Top News

Marshall Hall of Fame inductee Roberts 'honored, humbled'

Steve Roberts’ motivation has always been to do right by his home state so that more people could live the kinds of lives they dream of for themselves.

Bar honoree Bowman enjoys training 'lawyers of tomorrow'

MORGANTOWN -- Gregory Bowman is proud knowing that his fingerprints and insights are all over a profession that he’s given most of his life to serving.

WVU professor calls teaching her 'most rewarding job'

MORGANTOWN -- The distinctions keep coming for decorated U.S. Army veteran and West Virginia associate professor of law and public health scholar Jennifer D. Oliva.

New Bar fellow McGinley 'appreciates the recognition'

MORGANTOWN -- Patrick McGinley’s selection as a fellow of the West Virginia Bar Foundation has been four decades in the making.

Dinsmore paralegal Francisco elected president of national association

HUNTINGTON -- Jill Francisco has been prepping for nearly the last two decades for the job to which she has been elected.

Professor praises National Energy and Sustainability Moot Court at WVU

MORGANTOWN – James Van Nostrand sees the National Energy and Sustainability Moot Court Competition scheduled to be held on the campus of West Virginia University College of Law in this week as a win-win situation for all those involved.

American College of Bankruptcy to honor Judge Patrick M. Flatley

Federal Judge Patrick M. Flatley’s decorated career has earned a unanimous seal of approval from the American College of Bankruptcy.

Judge O'Hanlon starts scholarship in honor of wife at Marshall University

HUNTINGTON – Judge Dan O’Hanlon thinks of the endowed scholarship program he’s started at Marshall University in his wife’s name as the perfect ode to her.

Middle school drug prevention program expanded by Morrisey, Marshall University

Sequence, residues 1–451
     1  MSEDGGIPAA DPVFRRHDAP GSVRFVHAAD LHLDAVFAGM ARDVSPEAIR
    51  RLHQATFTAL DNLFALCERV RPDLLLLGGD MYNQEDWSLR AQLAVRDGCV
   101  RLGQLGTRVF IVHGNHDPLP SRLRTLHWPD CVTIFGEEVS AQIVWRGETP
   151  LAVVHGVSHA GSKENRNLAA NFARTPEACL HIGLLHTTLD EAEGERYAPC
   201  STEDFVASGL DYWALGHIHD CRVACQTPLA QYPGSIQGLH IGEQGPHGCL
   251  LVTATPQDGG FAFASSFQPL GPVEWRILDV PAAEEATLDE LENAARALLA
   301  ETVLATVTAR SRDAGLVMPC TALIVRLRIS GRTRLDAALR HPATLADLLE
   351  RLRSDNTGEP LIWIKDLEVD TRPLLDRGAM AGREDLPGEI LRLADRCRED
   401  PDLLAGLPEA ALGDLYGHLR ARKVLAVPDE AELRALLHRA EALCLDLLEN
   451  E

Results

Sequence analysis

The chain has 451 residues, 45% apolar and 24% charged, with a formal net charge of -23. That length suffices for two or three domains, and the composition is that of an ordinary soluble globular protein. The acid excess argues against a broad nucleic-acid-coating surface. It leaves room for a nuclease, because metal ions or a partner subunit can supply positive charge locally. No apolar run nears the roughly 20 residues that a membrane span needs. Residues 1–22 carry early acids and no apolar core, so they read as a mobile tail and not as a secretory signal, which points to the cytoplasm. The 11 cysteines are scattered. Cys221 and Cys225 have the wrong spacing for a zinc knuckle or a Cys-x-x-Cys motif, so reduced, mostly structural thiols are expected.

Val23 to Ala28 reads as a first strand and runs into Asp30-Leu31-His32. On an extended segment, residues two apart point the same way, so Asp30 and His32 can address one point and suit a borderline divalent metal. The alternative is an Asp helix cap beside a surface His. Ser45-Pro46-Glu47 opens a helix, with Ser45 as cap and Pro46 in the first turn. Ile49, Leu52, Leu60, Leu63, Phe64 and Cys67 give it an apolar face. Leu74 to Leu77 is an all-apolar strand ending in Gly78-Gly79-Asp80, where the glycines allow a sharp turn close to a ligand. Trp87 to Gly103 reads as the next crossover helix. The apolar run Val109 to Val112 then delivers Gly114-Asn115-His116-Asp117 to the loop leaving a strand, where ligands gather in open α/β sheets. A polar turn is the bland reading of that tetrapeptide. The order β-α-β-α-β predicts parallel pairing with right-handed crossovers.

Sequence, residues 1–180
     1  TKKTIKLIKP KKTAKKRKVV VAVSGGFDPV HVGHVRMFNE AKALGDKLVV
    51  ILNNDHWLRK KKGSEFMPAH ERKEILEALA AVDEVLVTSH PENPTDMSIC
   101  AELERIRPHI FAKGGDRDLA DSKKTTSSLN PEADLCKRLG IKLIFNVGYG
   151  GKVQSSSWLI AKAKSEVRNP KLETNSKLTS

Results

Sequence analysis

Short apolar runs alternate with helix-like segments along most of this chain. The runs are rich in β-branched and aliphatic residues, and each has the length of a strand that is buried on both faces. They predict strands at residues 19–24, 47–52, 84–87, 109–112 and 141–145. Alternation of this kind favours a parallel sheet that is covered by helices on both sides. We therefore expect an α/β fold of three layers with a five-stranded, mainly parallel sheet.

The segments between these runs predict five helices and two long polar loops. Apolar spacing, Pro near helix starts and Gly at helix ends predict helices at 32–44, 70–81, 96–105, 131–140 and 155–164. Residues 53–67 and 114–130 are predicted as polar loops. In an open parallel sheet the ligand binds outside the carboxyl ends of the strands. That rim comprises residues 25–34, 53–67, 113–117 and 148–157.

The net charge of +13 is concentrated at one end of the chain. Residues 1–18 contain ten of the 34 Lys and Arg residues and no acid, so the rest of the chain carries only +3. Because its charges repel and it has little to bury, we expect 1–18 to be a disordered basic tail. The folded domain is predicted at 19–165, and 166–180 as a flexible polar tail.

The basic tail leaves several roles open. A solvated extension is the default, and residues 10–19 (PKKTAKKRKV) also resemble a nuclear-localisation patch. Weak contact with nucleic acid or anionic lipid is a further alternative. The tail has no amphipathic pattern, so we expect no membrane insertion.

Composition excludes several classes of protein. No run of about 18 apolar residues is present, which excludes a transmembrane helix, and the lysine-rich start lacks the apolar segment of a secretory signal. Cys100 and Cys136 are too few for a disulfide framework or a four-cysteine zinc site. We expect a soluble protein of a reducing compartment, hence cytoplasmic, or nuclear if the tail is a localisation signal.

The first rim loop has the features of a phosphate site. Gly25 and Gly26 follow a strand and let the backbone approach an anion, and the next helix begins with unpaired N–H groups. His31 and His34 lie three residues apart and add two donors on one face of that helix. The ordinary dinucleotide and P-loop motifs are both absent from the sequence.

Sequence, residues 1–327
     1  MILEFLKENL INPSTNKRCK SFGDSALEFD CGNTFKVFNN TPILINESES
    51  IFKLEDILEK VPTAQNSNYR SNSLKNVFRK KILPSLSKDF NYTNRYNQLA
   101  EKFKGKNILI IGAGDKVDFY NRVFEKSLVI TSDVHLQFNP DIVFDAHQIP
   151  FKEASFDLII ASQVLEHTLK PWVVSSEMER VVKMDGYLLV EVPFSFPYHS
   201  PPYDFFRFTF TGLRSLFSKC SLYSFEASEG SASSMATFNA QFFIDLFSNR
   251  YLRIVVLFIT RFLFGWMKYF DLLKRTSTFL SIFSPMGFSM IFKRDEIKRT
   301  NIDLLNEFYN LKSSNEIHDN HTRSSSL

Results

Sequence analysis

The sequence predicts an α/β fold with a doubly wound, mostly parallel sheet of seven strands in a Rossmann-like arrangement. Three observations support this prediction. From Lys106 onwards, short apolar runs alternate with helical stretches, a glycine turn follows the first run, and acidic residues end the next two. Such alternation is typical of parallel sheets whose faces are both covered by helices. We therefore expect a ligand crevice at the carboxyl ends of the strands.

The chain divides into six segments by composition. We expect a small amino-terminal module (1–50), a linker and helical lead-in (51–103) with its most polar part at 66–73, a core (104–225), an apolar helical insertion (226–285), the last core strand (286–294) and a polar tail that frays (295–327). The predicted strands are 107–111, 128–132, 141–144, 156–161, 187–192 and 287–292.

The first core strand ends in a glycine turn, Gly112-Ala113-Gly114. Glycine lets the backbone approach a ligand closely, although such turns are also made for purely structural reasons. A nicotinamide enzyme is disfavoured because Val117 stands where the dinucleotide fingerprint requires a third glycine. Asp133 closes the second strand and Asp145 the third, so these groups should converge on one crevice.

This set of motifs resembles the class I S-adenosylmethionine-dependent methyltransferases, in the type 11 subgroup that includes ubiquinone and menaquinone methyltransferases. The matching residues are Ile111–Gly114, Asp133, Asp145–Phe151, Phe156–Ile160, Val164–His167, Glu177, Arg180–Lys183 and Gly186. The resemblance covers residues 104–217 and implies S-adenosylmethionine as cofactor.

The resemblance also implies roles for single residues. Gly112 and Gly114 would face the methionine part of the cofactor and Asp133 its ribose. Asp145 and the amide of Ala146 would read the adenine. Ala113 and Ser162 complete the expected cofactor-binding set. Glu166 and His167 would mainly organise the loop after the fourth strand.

HUNTINGTON – The West Virginia Attorney General’s Office and Marshall University are expanding a drug prevention program designed to educate middle school students about the perils of prescription opioid abuse.

Jenkins: $1.4 million federal grant for state's drug courts will help expand services

WASHINGTON – The U.S. Justice Department has granted a $1.4 million federal grant to West Virginia to aid the state’s drug court system.

Fourth Circuit finds in favor of coal miner in 'mark of the beast' case

RICHMOND, Va. (Legal Newsline) – A federal appeals court in Virginia has affirmed a $586,861 jury award handed to a man who says h​​​​​e was forced to retire from his mining job when religious principles prevented him from using a biometric hand scanner.

Fourth Circuit finds in favor of coal miner in 'mark of the beast' case

RICHMOND, Va. (Legal Newsline) – A federal appeals court in Virginia has affirmed a $586,861 jury award handed to a man who says he was forced to retire from his mining job when religious principles prevented him from using a biometric hand scanner.

Despite Paris Agreement pullout, WVU professor says 'coal jobs aren't coming back'

MORGANTOWN – James Van Nostrand is convinced President Trump’s decision to pull the United States from the Paris Agreement on climate change won’t have much impact in coal heavy states like West Virginia or across the industry as a whole.

West Virginia Law Adventure Program inspiring young students

CHARLESTON – A group of West Virginia’s most-gifted students recently came face-to-face with some state scholars they hope to someday succeed.

Oliva becomes first WVU professor named a Bellow Scholar

MORGANTOWN – Jennifer Oliva finds herself in the rarest of company based on her commitment to touch the lives of as many West Virginia veterans in need as she possibly can.

Legal Aid of West Virginia recognizes staffers at conference

CHARLESTON – Legal Aid of West Virginia recently recognized some of its members for going above and beyond the call of duty at the organization’s biannual statewide conference. 

West Virginia disability rights group changes name, could have more legal focus

CHARLESTON – The Disability Rights of West Virginia Advocates group is no more. And in the end, that could be an even better thing than it’s been for the people of West Virginia.